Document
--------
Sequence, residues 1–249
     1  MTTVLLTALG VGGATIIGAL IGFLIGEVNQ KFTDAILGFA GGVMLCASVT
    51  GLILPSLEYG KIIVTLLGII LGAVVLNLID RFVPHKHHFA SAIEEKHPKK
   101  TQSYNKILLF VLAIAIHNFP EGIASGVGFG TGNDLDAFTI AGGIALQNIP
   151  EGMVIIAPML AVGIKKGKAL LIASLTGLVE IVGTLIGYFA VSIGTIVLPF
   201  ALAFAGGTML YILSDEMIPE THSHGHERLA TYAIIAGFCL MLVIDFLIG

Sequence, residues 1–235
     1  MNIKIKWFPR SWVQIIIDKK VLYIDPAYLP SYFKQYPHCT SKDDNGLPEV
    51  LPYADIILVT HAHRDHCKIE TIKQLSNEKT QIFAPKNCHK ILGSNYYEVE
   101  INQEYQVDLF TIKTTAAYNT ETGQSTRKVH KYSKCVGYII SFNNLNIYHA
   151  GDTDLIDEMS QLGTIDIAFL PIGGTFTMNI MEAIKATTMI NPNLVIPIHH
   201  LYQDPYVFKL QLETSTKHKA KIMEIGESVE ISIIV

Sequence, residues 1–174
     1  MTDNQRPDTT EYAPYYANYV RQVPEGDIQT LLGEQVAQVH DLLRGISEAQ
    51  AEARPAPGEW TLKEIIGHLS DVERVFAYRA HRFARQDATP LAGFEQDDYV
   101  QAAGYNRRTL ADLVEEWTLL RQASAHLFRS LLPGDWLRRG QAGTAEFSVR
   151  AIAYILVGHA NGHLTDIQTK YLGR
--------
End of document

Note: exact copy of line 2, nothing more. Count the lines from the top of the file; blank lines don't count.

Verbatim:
     1  MTTVLLTALG VGGATIIGAL IGFLIGEVNQ KFTDAILGFA GGVMLCASVT